“DERP?!?” The word leapt out of the conversation slapping me in the face like a wet fish. My co-workers turned to look at me quizzically. “What does derp mean?” I asked.
“It means to mess up or do something stupid,” replied the expert who had just used it. She went on to explain that she was the mother of teens and so had “learned the lingo”. For a moment, I felt like I was an archeologist marvelling at an ancient relic that provided insight into a hidden culture. Then a realization hit me: I am the ancient relic.
When I was younger I always thought that I would grow up and stay cool. I wouldn’t be one of these adults who lost touch. I wouldn’t have trouble communicating with teenagers. I would be the cool relatable adult in my Polo shirt and stonewashed jeans smoking my pipe and trading jibes with the youth (a bit creepy but that was my picture of a cool adult when I was a teen). One “Derp” later and I realized that not only had I lost my groove but I didn’t even really want to get it back. I didn’t have a desire to learn and then use sentences like the following:
“I’m gassed about the Bieber concert. His songs are so H. It’s going to be tite!”
(Translation: I am excited to go the musical performance of Justin Bieber. His songs provoke intense emotion and I think the experience will be worthwhile and enjoyable.)
“I can’t believe you photobombed me in that shirt! You are such a noob! Well, I gotta bounce.”
(Translation: Your choice of apparel has ruined the photograph we were taking. You are not current in your taste or understanding of trends. I need to hasten my departure.)
I felt like I would sound like an alien trying to use these phrases. I was sure that it would come off as lame and only reinforce my “noobiness” (see? I can make up words too).
That isn’t to say that I am not a trend follower. I just resist some things for awhile before caving into them. It took me a couple of years to finally join Facebook and it wasn’t until I was bored at last year’s Superbowl halftime show (sorry Madonna) that I finally joined Twitter. I learned to resist brand names at a young age when my Dad was forcibly choosing my wardrobe at an Army and Navy store. The next day I showed up at school and was made fun of for wearing a “fake” Batman logo sweatshirt. Something was wrong with that system and I decided that I was not going to let brand names and media dictate my choices. Wishful thinking.
While it’s true that to this day I still disdain clothes with a brand name splashed across them, I have definitely become more of a slave to fashion than before. While living in Thailand years ago, I was influenced by the attention paid to style that I saw in the young adults there. There was a definite European influence that was ahead of the trends in Canada and stood out from the sloppy hoodie and jeans style back home. I began to enjoy expressing myself through my clothing. That coupled with how cheap (and copyright infringing) everything was there led to an inordinately large shoe and watch collection. Not being afraid of my feminine side (I believe the term is metrosexual) means that I can get excited about new shoes or a funky tie.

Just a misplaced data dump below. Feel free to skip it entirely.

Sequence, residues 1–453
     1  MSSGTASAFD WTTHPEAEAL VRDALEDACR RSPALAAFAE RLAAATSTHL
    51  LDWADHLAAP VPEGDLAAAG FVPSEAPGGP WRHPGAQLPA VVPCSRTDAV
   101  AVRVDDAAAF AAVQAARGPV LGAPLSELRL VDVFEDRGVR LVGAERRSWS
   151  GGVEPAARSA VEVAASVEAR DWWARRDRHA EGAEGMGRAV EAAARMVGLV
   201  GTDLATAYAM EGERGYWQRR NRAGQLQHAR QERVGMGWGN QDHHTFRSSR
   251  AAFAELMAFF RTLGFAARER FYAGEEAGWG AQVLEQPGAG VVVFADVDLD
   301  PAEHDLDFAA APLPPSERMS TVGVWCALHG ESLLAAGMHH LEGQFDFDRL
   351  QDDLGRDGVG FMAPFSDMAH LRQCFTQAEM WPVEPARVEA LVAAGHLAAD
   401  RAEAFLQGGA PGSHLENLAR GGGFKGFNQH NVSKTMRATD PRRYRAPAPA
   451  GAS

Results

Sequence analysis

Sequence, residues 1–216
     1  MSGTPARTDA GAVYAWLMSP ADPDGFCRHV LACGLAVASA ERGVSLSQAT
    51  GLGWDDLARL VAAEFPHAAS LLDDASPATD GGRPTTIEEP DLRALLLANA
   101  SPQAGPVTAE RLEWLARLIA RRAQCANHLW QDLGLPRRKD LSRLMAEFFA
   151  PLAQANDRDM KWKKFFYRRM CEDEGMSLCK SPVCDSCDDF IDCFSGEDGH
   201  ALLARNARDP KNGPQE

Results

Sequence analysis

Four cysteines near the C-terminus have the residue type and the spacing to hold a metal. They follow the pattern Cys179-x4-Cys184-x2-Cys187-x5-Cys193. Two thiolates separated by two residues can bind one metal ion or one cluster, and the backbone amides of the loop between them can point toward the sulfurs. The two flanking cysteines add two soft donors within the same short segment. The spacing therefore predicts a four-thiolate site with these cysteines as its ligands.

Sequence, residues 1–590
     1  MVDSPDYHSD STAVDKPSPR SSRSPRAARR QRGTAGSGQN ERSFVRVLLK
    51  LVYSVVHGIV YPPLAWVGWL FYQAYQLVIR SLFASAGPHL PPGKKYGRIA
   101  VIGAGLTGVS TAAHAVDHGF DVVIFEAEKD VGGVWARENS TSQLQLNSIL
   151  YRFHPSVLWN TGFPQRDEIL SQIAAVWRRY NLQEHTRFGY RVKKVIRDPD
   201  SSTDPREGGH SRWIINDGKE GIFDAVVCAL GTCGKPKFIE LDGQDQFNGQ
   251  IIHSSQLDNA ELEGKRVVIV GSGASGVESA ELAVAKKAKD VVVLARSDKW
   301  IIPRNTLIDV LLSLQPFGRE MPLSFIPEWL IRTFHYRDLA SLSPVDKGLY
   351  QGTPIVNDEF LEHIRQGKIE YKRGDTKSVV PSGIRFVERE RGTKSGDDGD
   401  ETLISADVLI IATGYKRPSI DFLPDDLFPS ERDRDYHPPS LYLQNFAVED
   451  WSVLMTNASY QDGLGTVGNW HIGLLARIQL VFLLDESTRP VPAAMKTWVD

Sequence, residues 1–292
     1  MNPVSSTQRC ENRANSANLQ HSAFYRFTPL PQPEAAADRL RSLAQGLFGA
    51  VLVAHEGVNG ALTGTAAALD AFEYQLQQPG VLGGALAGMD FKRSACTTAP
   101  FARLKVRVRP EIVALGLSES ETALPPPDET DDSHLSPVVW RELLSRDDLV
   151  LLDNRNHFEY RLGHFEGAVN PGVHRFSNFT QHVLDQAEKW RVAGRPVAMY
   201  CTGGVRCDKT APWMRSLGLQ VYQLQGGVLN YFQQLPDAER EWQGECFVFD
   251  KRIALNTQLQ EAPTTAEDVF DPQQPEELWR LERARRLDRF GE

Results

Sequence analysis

However, as much as I would like to think of myself as an individual, I must admit that I am still heavily influenced by marketing and a desire to fit in. Take the case of my recent phone purchase as an example: It was the classic showdown between Apple and Android. I debated the pros and cons ad nauseam. Back and forth the battle raged – quality, freedom, customizability, camera quality, speed and on and on. In the end, Android triumphed for me. I don’t like how proprietary Apple is and a few features exclusive to my Nexus swung it for me. I am very happy with my decision yet the incredible branding of Apple has continued to tug at my conscious periodically. Their commercials and brand just come across as, well, cool. Their fanboys are so smug and so many people have them that sometimes I wondered if I made a mistake. Then I shake my head and smile at how much I am influenced by trends and peer pressure.
As I get older, I still have a desire to stay hip and young. My age sometimes sneaks up and surprises me like an unexpected weather pattern or hunger pains an hour after a meal. It’s sometimes hard to believe I’ve crossed 30 and I feel like I am straddling the line between cool thirtysomething and try-hard lame-o. I want to age gracefully but I also want to keep my “cool”. So, despite the fact that I seem to be on a one way trip towards middle age I can still express myself and stay connected to the trends and language that are meaningful to me. I may not fit in with teenagers (nor want to) but it doesn’t mean that I have to say last rites to “cool”. Now if I could just fit into some skinny jeans...
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